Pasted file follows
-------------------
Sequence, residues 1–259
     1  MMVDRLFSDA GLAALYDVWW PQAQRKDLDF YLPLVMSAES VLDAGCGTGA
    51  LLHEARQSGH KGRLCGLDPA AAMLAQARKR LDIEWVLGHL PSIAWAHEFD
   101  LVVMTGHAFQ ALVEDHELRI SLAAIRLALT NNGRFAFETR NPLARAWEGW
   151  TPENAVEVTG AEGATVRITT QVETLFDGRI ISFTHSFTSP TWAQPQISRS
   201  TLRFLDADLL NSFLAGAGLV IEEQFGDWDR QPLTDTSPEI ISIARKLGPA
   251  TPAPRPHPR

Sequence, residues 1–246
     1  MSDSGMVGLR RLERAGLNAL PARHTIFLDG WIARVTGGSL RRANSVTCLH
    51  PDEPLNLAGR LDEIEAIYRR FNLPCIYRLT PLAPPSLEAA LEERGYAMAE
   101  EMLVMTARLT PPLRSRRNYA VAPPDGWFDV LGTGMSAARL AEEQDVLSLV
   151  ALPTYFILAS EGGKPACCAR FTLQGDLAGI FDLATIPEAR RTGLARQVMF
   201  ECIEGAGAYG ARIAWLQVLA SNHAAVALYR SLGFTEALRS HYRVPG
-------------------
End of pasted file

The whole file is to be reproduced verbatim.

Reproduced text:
Sequence, residues 1–259
     1  MMVDRLFSDA GLAALYDVWW PQAQRKDLDF YLPLVMSAES VLDAGCGTGA
    51  LLHEARQSGH KGRLCGLDPA AAMLAQARKR LDIEWVLGHL PSIAWAHEFD
   101  LVVMTGHAFQ ALVEDHELRI SLAAIRLALT NNGRFAFETR NPLARAWEGW
   151  TPENAVEVTG AEGATVRITT QVETLFDGRI ISFTHSFTSP TWAQPQISRS
   201  TLRFLDADLL NSFLAGAGLV IEEQFGDWDR QPLTDTSPEI ISIARKLGPA
   251  TPAPRPHPR

Sequence, residues 1–246
     1  MSDSGMVGLR RLERAGLNAL PARHTIFLDG WIARVTGGSL RRANSVTCLH
    51  PDEPLNLAGR LDEIEAIYRR FNLPCIYRLT PLAPPSLEAA LEERGYAMAE
   101  EMLVMTARLT PPLRSRRNYA VAPPDGWFDV LGTGMSAARL AEEQDVLSLV
   151  ALPTYFILAS EGGKPACCAR FTLQGDLAGI FDLATIPEAR RTGLARQVMF
   201  ECIEGAGAYG ARIAWLQVLA SNHAAVALYR SLGFTEALRS HYRVPG